Boxing is one of the most refined combat sports on the planet, so having a good coach to teach you the intricacies of the sweet science goes a long way. Boxing coaches give you the blueprint to be a successful boxer, so having the wrong coach can be detrimental to your success inside the ring.
Former heavyweight champion Mike Tyson is the best example of this reality. Tyson looked virtually invisible when he trained under Cus D’Amato, but his career and life spiraled out of control after Cus passed away in 1985. A good boxing coach goes beyond simply teaching you how to throw a punch or block one. They teach you how to maintain your focus as you work your way through the ranks.
The Ten Best Coaches In Boxing History
Without further ado, let’s jump into our list of the best coaches in boxing history:
1) Roger Mayweather
“You don’t know $#!+ about boxing,” as Roger often said, if you’re shocked to find Uncle Roger on this list. Roger Mayweather turned to coaching after a successful professional boxing career, and he spent most of his time working with his top student: Floyd Mayweather.
The rest is history, as the two never experienced defeat working together. Roger’s old-school mitt drills were beautiful to watch, and they significantly improved Floyd’s ability to fight off opponents trying to crowd him.
Floyd Mayweather Sr. certainly deserves recognition for training Floyd during his childhood, but Roger made Floyd the best boxer in recent history. Roger was more than a boxing coach; he was just as entertaining to watch as he often threw verbal jabs at Floyd’s opponents and their coaches, helping to sell fights.
2) Ray Arcel
You’ve probably never heard of Ray Arcel, but he’s one of the most accomplished trainers in boxing history. Arcel started working with boxers in his early 20s and won his first title as a coach a few years later.
Known for his understanding but firm approach to training boxers, Arcel was way more than a coach. He went above and beyond to keep his fighters in the right mental state and out of trouble. Arcel had trained over 20 champions by the time he eventually retired. Some of his more notable students include Freddie Steele, Larry Holmes, and Benny Leonard.
3) Cus D’Amato
D’Amato was so dedicated to training boxers that he lived at his Empire Sporting Club gym for several years. Some of the boxers he trained, like Floyd Patterson, Jose Torres, and Mike Tyson became legendary world champions. Cus is also known for developing the peek-a-boo stance popularized by Tyson, even though Patterson also used the same stance.
Many would argue that D’Amato’s most significant accomplishment was grooming Mike Tyson into becoming the youngest heavyweight champion in boxing history, winning the WBC belt at 20.
4) Angelo Dundee
Dundee is one of the most decorated boxing coaches in the history of the sport. His lifelong student, the legendary Muhammad Ali, is the most famous boxer in history and is viewed by many as the greatest boxer ever. The two met when Ali was a teenager and worked together for over two decades. Dundee also trained Sugar Ray Leonard and cornered him throughout his career.
Dundee also started working with George Foreman in 1994 when Foreman made his return to boxing and ended up reclaiming the title.
5) Eddie Futch
Our list wouldn’t be complete without Futch. Muhamad Ali might have been the greatest boxer of his era, but Futch trained four of the five boxers who defeated him: Joe Frazier, Trevor Berbick, Larry Holmes, and Ken Norton.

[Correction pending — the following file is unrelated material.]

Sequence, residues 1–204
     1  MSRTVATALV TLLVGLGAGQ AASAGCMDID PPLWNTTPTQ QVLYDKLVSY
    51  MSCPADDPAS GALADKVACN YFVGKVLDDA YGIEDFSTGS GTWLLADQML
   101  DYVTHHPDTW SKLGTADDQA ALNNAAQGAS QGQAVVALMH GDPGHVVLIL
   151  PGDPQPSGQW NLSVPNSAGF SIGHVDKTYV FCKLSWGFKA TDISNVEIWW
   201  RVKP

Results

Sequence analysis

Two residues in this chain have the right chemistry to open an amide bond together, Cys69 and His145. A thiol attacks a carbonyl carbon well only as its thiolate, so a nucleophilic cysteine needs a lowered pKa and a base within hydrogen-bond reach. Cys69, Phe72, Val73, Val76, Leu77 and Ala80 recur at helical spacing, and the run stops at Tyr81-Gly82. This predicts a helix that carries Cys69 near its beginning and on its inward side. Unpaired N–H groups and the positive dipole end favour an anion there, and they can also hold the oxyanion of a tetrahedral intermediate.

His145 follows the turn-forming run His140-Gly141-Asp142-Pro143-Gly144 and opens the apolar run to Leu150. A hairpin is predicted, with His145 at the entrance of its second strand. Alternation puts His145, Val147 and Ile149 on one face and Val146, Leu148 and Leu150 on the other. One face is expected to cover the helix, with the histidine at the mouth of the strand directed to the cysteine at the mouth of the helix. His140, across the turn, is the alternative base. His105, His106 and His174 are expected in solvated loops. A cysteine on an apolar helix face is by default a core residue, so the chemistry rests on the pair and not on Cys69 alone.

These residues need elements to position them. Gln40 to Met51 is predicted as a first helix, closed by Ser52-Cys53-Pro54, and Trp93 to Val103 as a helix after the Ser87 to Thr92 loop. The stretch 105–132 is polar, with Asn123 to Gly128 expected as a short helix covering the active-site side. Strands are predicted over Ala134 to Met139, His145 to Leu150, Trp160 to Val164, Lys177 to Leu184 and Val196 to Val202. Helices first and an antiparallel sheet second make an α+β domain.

Futch started as an amateur boxer, training with fighters like Joe Louis in Detroit. A professor of the sweet science, Don Jordan was his first protégé to win a title in 1958. Futch eventually started working with Frazier, and he cornered him for his three fights against Ali. Futch also worked with Freddie Roach, who is now viewed as one of the best coaches in boxing.
6) Emanuel Steward
Steward’s impact on boxing is undeniable. A native of West Virginia, Steward, grew up in Detroit and picked up boxing early on. He was successful as an amateur boxer and eventually joined the famous Kronk gym. There, Steward transitioned from boxer to coach and started working with local amateurs.
Thomas Hearns was his first student to go pro, winning six belts. Steward also worked with other champions like Wladimir Klitschko and Lennox Lewis.
7) Freddie Roach
Roach had a decent run as a pro boxer, ending his career with a 40-13 record. He eventually transitioned to training fighters and founded the famous Wild Card Boxing gym. Roach’s prize student Manny Pacquiao won world titles in eight different divisions. Roach also guided fighters like Julio Caesar Chavez Jr. and Amir Khan to multiple world titles.
8) Jack Blackburn
Blackburn started as a promising 135-pounder, but his career was derailed when he served five years in prison for a shooting spree that left three people dead. Blackburn returned to boxing after serving his sentence and retired in 1923. He eventually ran into the legendary Joe Louis and started training him.
Louis quickly established himself as the best heavyweight in the world, winning the world title. Louis defended the title 20 times with Blackburn by his side. He died in 1942 while Louis was preparing for his 21st title defense.
9) Ignacio “Nacho” Beristain
10) Lou Duva
Duva was one of those trainers who seemed to be able to take any decent boxer and turn them into the best in their division. Some of the fighters he worked with include Arturo Gatti, Lennox Lewis, Pernell Whitaker, Evander Holyfield, Hector Camacho, and Michael Moorer. Fans loved his fighters for their dominant and exciting performances inside the ring. He taught an aggressive boxing style that often delivered entertaining bouts.
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